one point and couldn’t even apply to drive Uber or Lyft because they red flagged me right away.
So we get stuck in these cycles that are created systemically, and a lot of it is based on class.
When your entire neighborhood is 70% felons, that’s systemic, and created to hold people
down and to keep people within a class.”
It’s no wonder these songs are so dark. Others include “Suicide By Pigs” – a vantablackly
humorous track that’s both a commentary on police brutality and about the breakup of King’s
marriage – and “Disaster Scenes”, which features Bad Cop/Bad Cop’s Stacey Dee. It traces the
direct relationship between systemic issues and personal trauma. diving deep into Dee’s
harrowing past while simultaneously asserting the damaging, widespread consequences of the
US government’s war on drugs. “Brutiful” is a self-aware examination of personal and universal
accountability and the general shittiness of human beings, while “Sell Me Youth” almost –
almost – contains a sense of hope within urgent insistence to not conform to what the world
expects from you. It all comes to a head with “Coda-fendants” – a melancholy rumination on
mortality set within the backdrop of the opiate crisis and which sees the band lament ‘we are all
we have until it’s all we had – goodbye.’ It’s a genuinely shocking, soul-stirring end to a record
that, true to the band’s intentions, pulls no punches and never shies away from the truth. As
King sings on “Suicide By Pigs”: ‘Nothing sucks out the joy of life quite like truth.’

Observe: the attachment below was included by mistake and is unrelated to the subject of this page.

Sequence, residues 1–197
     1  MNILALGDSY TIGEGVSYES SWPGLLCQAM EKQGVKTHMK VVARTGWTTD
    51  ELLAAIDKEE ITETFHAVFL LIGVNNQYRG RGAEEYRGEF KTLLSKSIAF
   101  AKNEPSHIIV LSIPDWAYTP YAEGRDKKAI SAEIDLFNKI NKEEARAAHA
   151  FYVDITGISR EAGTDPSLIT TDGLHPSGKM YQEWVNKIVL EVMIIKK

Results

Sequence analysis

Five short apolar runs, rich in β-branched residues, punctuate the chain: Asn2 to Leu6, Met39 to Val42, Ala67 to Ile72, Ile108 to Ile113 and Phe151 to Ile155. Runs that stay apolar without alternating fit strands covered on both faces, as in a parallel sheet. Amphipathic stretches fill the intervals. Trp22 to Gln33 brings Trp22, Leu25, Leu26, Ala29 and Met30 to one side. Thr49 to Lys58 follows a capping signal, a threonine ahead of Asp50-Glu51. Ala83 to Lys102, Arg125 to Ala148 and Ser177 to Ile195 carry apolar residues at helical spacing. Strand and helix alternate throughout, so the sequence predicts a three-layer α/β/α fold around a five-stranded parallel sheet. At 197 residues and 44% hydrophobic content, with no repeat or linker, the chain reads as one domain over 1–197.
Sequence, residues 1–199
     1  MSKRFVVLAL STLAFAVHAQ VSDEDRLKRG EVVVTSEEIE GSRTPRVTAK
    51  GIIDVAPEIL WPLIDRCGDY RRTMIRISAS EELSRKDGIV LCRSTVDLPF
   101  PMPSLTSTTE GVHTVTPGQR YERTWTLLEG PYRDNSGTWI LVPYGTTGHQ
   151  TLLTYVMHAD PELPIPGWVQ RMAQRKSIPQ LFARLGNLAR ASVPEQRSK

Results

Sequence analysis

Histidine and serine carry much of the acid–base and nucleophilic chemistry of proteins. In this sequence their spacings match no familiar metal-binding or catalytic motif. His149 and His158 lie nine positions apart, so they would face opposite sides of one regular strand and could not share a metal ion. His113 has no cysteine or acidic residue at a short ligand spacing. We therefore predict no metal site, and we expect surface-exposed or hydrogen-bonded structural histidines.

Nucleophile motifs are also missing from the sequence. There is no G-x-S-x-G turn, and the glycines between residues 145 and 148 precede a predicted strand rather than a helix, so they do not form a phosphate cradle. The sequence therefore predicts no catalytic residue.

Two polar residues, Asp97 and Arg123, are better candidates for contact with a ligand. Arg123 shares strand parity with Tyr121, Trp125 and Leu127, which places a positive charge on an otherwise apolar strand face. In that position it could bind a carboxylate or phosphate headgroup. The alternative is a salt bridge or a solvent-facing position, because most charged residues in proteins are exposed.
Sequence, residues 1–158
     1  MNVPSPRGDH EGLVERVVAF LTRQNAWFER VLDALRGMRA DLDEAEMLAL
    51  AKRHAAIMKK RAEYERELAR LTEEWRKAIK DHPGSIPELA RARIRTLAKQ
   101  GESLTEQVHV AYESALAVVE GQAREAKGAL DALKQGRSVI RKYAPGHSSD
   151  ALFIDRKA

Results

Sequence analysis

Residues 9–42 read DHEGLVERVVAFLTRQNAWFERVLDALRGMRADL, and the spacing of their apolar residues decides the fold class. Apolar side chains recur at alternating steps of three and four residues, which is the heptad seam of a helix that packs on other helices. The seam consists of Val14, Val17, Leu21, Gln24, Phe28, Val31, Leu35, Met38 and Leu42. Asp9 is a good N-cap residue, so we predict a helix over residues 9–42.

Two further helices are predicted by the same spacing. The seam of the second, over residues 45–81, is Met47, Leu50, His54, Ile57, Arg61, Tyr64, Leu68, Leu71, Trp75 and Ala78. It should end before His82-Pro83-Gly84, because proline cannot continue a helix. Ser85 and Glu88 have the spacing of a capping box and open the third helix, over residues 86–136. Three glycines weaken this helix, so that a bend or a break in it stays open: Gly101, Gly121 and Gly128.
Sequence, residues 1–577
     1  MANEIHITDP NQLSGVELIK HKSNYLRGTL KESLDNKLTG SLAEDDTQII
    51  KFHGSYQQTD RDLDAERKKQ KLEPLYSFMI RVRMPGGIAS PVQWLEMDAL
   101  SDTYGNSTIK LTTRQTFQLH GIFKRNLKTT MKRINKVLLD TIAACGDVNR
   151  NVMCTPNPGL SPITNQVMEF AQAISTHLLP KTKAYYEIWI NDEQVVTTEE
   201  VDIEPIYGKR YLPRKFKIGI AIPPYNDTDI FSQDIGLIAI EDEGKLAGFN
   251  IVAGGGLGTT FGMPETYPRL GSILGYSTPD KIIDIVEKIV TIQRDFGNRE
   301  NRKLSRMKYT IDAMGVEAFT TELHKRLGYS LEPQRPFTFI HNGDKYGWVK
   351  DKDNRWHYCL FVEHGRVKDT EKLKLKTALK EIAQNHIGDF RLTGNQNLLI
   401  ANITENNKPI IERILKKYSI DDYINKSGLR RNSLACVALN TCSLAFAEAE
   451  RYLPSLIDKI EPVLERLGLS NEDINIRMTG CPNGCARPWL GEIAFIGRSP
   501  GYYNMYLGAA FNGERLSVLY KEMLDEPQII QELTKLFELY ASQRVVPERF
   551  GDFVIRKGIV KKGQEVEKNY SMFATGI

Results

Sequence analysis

“I think the reason it’s a dark record,” King says, “is because we’re being brutally honest. If we
were being 100% brutally honest and things in the world were fucking great, then that would
mean we’d be singing way more positive stuff. But to be brutally honest is to say that this
fucking world is a dark place. That’s the sad truth. You’re not going to piss on my face and tell
me it’s raining. This place is dark and it’s fucked up. Between me and Ceschi and Mike,

everyone involved in the record – Stacey Dee and the fucking DOC and Onry – people have seen
some dark shit, so that’s how it comes out. It’s a tragedy, but that’s just how it is.”
The fact that that’s just how it is means every label Codefendants approached to put out the
record – despite the previous successes of all their other bands – said no. So, in true punk and
hip-hop fashion, the band are going it alone instead on their own terms. They announced
themselves with a demo cassette you had to buy with cash in the mail, they’ve been working on
a series of videos with activist art collective INDECLINE, and want to take full control of how the
project is presented live.
“Instead of doing the traditional thing and going on the road,” says King, “we want to stay in
our own lane and rent spaces to have full control of the environment. We’d rather rent out an
office that’s for lease in, like, downtown San Francisco or L.A. for a month and curate shows
every weekend.”
Once again, it all comes down to the only thing that matters – authenticity.
“We started this,” continues King, “so we can have music that had a pop feel to it that was
going to be accessible, but also drop the really fucking raw shit, so that we can get into a
position where we can punch some of the people that are doing it badly in the face at a festival
we get put on. We want to put some kind of grace back into both of these genres that got
taken, and make it hard for these motherfuckers to make money off it. If you let these fools run
amok with this bullshit, it’s just going to snowball into worse and worse. A lot of the people that
listen to our bands use music to get them through their fucking day, to get them through hard
shit and not put a bullet in their fucking mouth, and the more real shit people put out, the more
the output of the fucking wack shit goes way down.”
Brace yourself. There’s a crime wave coming. It’s not pretty, but it’s essential, important and
very, very necessary.